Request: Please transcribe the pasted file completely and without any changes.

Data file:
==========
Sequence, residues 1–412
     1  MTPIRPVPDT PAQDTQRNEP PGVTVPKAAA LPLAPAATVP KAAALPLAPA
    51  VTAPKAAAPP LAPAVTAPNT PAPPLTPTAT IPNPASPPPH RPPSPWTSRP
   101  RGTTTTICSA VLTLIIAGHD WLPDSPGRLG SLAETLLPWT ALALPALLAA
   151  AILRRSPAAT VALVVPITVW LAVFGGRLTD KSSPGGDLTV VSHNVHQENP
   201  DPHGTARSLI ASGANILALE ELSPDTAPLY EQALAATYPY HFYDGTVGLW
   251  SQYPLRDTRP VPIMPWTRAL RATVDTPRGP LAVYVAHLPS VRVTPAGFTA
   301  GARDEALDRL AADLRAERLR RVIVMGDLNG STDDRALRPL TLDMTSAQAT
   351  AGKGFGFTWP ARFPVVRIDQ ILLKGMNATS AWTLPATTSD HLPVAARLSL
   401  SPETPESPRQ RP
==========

Sequence, residues 1–412
     1  MTPIRPVPDT PAQDTQRNEP PGVTVPKAAA LPLAPAATVP KAAALPLAPA
    51  VTAPKAAAPP LAPAVTAPNT PAPPLTPTAT IPNPASPPPH RPPSPWTSRP
   101  RGTTTTICSA VLTLIIAGHD WLPDSPGRLG SLAETLLPWT ALALPALLAA
   151  AILRRSPAAT VALVVPITVW LAVFGGRLTD KSSPGGDLTV VSHNVHQENP
   201  DPHGTARSLI ASGANILALE ELSPDTAPLY EQALAATYPY HFYDGTVGLW
   251  SQYPLRDTRP VPIMPWTRAL RATVDTPRGP LAVYVAHLPS VRVTPAGFTA
   301  GARDEALDRL AADLRAERLR RVIVMGDLNG STDDRALRPL TLDMTSAQAT
   351  AGKGFGFTWP ARFPVVRIDQ ILLKGMNATS AWTLPATTSD HLPVAARLSL
   401  SPETPESPRQ RP